SEOUL, June 13 (Korea Bizwire) – The number of self-employed South Koreans in their 30s has been on a steady rise since late last year as a prolonged economic slump forces more young people to set up one-man operations instead of finding jobs, a report showed Monday.
According to the report by the Korea Labor Institute, thirtysomethings with one-man operations increased by 17,000 in March from a year earlier, compared with a rise of 14,000 in February.
The number has been on the rise since October last year, hitting as high as 25,000 in December.
For context, the overall number of self-employed South Koreans stood at 3.97 million in March, down 8,000 from the same month a year earlier.
The institute attributed the increase in the number of self-employed people in their 30s to a dearth of decent jobs, which has forced them to establish one-man operations to earn a living.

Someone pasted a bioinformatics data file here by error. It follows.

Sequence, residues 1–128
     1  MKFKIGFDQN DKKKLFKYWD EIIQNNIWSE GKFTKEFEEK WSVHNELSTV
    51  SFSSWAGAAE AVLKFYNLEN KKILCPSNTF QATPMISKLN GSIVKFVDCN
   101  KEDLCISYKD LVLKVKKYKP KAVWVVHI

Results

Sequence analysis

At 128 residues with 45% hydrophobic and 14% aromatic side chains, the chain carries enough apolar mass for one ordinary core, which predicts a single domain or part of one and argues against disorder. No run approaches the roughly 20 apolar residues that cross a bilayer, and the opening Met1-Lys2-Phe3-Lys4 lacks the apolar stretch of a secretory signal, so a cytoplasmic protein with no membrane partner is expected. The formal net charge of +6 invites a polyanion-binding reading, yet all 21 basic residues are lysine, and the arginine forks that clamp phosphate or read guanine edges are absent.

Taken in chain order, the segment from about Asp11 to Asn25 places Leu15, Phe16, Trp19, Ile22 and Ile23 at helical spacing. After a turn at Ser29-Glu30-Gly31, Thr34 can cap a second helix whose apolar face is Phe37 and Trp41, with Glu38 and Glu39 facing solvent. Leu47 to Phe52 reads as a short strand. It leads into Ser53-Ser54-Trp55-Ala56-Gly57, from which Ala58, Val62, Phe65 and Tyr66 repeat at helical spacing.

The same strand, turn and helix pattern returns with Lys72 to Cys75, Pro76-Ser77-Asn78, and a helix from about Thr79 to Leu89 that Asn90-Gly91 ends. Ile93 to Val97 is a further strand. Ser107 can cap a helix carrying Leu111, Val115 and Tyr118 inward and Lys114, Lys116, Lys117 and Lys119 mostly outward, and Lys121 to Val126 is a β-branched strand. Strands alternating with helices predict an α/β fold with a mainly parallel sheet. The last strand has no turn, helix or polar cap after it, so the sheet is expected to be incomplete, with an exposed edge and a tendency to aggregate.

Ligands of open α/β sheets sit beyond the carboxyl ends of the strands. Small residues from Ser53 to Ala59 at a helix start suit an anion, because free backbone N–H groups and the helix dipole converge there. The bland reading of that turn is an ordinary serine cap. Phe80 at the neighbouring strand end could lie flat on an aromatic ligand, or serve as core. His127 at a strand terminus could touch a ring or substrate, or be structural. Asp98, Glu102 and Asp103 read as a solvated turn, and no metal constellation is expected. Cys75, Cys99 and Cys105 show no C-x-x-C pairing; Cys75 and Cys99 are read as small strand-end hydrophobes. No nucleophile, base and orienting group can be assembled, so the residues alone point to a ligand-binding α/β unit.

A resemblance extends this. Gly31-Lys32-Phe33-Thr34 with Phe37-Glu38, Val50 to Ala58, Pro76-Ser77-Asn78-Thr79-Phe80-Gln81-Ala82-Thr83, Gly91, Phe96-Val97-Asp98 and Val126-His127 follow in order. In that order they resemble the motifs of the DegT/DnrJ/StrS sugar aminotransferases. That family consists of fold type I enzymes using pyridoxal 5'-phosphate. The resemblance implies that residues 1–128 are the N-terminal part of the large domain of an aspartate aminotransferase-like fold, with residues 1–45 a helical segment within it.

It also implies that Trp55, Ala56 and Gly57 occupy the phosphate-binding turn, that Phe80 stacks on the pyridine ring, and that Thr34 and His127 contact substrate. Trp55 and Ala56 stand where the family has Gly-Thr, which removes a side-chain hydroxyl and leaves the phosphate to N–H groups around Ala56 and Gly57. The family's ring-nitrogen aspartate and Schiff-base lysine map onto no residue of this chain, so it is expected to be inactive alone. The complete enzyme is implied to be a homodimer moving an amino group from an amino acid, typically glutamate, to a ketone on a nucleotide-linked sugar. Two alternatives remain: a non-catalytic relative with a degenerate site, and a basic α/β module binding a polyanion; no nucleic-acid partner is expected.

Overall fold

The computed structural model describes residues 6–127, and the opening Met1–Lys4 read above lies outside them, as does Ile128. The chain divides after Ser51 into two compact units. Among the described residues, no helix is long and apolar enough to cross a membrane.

“With the country’s employment situation starting to worsen from late last year, more jobless people in their 30s appear to have decided to start their own businesses instead of looking for a job,” said Park Yoon-soo, a researcher at the state-run Korea Development Institute.
As local companies are less willing to hire new workers amid a prolonged slump, young South Koreans have a tough time landing jobs.
The unemployment rate for young people aged between 15 and 29 reached 10.9 percent in April, slightly down from 11.8 percent in March but the highest number for the month of April. South Korea’s headline jobless rate fell to 3.9 percent from 4.3 percent over the cited period.
South Korea’s economic growth lost steam in the first quarter from three months earlier due to still weak demand at home and abroad, with its gross domestic product expanding 0.5 percent, compared with a 0.7-percent on-quarter expansion three months earlier.